India Should Learn From Security Bungling at Pathankotimage courtesy: thehindu.com
By Sunil Garodia
Are Indian security agencies slipping from the high standards they have set themselves? First, too many red flags were overlooked and a band of terrorists were allowed to sneak into a high security zone. Then, it was said that the sanitizing operation was complete and the Air Force base had been secured. Even the prime minister made a quick visit to take stock of the situation. Yet, later, a mobile phone and an AK-47 assault rifle were found in the vicinity. How could this happen? Was the combing and sanitizing party not responsible for conducting a thorough check? If so, how were such vital things not recovered before the âoperation completeâ bugle was sounded?
It is all very well for the defence minister Manohar Parikkar to say that India will cause pain to those who have caused it pain (and many people are of the opinion that Pakistanâs proxy war should be countered by a proxy war by India). But to do so, one first needs to keep oneâs own house in order. With the Pathankot attack showing Indian security agencies in very poor light, a lot of belt tightening is required before India can even think of fighting fire with fire.
Then there is another factor that comes into play. Pakistan has a ready shield under cover of which it carries on with its nefarious proxy war â Kashmir. It plays on Kashmiri sentiments and entices youth from the region to wage war on India with the promise of Azad Kashmir. What is surprising that despite having full knowledge about Pakistanâs nefarious designs and satellite pictures of terror camps inside Pakistani territory, Western powers keep mum on the issue and even support that country.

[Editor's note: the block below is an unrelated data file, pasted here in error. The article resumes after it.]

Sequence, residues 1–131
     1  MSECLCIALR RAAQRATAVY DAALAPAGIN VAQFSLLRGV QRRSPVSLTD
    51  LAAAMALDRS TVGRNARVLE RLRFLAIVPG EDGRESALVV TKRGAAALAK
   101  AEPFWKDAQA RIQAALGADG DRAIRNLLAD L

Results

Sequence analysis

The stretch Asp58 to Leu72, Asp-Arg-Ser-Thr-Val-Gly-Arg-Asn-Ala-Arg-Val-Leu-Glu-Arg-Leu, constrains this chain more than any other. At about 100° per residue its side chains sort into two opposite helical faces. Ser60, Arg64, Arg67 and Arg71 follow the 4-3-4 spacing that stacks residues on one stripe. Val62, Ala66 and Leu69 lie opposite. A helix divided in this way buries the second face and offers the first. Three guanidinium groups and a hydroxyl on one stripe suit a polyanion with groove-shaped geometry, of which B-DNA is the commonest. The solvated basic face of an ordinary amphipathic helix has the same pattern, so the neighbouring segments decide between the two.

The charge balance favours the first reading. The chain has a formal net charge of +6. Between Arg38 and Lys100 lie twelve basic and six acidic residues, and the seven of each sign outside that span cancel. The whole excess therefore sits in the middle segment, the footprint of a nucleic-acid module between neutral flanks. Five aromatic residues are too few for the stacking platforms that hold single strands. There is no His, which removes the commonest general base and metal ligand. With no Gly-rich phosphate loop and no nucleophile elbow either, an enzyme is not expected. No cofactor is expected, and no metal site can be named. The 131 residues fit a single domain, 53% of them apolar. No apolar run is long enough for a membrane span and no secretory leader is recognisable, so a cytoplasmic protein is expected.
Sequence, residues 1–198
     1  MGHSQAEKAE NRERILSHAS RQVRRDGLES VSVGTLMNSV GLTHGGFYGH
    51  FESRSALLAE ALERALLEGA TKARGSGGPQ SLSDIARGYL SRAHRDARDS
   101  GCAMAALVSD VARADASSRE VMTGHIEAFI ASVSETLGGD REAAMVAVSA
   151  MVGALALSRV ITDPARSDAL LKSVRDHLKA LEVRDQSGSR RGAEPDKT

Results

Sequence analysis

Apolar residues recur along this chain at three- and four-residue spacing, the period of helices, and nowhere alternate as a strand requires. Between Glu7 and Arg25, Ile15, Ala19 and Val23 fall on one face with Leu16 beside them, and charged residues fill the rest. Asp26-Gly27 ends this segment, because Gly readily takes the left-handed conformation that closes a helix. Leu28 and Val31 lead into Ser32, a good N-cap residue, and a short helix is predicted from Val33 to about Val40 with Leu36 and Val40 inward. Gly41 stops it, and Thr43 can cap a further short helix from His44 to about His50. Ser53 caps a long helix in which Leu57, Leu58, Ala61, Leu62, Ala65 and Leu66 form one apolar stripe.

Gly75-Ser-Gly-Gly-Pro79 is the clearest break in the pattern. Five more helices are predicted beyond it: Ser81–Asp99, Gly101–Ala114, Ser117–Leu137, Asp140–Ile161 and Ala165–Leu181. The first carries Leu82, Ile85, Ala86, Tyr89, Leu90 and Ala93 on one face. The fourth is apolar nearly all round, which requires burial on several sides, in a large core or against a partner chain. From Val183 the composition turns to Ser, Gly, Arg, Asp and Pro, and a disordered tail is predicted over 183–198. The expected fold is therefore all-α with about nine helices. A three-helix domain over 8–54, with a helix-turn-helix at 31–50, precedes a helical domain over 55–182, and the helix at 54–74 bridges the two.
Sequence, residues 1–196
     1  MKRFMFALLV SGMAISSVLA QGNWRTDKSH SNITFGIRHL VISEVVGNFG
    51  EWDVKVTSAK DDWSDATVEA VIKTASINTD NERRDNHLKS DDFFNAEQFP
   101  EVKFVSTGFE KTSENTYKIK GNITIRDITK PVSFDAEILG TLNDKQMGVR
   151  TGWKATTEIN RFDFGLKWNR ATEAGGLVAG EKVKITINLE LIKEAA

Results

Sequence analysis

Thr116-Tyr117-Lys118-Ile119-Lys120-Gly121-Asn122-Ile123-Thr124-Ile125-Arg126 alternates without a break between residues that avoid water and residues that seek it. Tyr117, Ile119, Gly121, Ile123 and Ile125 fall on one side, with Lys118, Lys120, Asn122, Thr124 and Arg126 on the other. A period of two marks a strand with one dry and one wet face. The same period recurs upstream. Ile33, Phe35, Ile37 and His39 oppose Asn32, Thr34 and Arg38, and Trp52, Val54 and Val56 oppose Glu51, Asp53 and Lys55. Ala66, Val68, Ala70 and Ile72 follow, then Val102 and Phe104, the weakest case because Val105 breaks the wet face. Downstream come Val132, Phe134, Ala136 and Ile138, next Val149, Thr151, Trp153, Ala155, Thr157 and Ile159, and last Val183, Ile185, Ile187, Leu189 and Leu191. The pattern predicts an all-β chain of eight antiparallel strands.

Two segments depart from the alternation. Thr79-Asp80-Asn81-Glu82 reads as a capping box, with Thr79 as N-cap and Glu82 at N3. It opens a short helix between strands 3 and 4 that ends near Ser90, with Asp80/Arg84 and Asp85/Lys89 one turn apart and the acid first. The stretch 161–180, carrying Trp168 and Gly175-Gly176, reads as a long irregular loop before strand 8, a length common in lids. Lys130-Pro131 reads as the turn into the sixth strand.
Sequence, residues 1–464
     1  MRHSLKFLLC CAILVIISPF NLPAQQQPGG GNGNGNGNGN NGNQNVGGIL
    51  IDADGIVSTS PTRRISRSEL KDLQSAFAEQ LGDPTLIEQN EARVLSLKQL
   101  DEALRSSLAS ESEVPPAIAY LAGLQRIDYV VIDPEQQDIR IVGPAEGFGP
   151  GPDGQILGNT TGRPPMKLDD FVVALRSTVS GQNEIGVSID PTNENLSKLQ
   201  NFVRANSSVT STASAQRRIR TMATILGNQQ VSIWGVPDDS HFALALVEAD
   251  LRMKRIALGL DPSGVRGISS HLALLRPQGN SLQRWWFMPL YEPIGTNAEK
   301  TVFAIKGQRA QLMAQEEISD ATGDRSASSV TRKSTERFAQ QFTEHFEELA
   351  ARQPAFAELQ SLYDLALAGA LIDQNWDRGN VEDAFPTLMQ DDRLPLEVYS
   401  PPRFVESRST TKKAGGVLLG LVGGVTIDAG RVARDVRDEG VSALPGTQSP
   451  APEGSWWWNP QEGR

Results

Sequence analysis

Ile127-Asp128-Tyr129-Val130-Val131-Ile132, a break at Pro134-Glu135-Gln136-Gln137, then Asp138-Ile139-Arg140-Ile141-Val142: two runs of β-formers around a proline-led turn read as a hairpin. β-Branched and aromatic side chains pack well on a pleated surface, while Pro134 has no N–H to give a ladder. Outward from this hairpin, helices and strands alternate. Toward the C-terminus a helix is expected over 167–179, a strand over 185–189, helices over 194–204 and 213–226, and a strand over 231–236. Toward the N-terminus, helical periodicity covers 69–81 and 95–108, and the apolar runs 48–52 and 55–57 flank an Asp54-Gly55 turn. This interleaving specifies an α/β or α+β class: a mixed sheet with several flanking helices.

Since India cannot play on Pakistanâs internal problems to create disturbances there, the only option left for it is hot pursuit of terrorists, like the operation the army conducted in Myanmar. But the ground realities are different. Myanmar does not support Indian rebels. While it is doubtful that it permitted the army to conduct the strike, it chose not to raise the issue as the operation was clinical, took very little time and did not harm any Myanmar citizen. Also, the border from where Indian troops entered is not seriously manned on the Myanmar side.
When it comes to pursuing terrorists inside Pakistani territory, the first thing is that most of those who enter India covertly are jihadis and have no intention to return back unless extraneous circumstances force them to, or perhaps if they are able to complete their operation without being detected. Second, when the Indians have no clue how and when they enter, how will they know how and when they will go back. Third, Pakistan denies that they are from that country or even that they entered India from Pakistan. Fourth, Pakistani border is heavily manned and closely monitored by the Rangers. Fifth, Pakistan is never going to permit the Indian Army to indulge in âhot pursuit.â Any ingress the Indians make will be immediately noticed. It will certainly be repulsed and can even lead to a war.
Hence, the defence minister needs to spell out how he will go about causing pain to those who have caused immense pain to India over the years. High sounding words can make good headlines but do not benefit the country. The first step the minister should take is to fix responsibility and blame and take action against those found wanting after the NIA investigations are complete. We have to admit that the security agencies did a bad job at Pathankot and ensure that things are better handled if and when the next strike happens.